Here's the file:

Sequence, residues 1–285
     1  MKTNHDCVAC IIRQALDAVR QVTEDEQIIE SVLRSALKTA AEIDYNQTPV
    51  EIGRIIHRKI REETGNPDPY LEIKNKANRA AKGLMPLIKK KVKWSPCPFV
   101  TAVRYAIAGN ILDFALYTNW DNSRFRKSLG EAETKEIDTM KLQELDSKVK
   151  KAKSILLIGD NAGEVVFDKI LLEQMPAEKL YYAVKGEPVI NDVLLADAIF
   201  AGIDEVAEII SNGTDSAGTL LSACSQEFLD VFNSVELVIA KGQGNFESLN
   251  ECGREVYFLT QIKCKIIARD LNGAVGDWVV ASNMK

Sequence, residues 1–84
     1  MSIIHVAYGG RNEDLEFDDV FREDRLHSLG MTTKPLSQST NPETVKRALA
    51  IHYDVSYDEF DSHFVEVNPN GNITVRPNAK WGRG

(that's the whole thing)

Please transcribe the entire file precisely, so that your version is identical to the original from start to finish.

Sequence, residues 1–285
     1  MKTNHDCVAC IIRQALDAVR QVTEDEQIIE SVLRSALKTA AEIDYNQTPV
    51  EIGRIIHRKI REETGNPDPY LEIKNKANRA AKGLMPLIKK KVKWSPCPFV
   101  TAVRYAIAGN ILDFALYTNW DNSRFRKSLG EAETKEIDTM KLQELDSKVK
   151  KAKSILLIGD NAGEVVFDKI LLEQMPAEKL YYAVKGEPVI NDVLLADAIF
   201  AGIDEVAEII SNGTDSAGTL LSACSQEFLD VFNSVELVIA KGQGNFESLN
   251  ECGREVYFLT QIKCKIIARD LNGAVGDWVV ASNMK

Sequence, residues 1–84
     1  MSIIHVAYGG RNEDLEFDDV FREDRLHSLG MTTKPLSQST NPETVKRALA
    51  IHYDVSYDEF DSHFVEVNPN GNITVRPNAK WGRG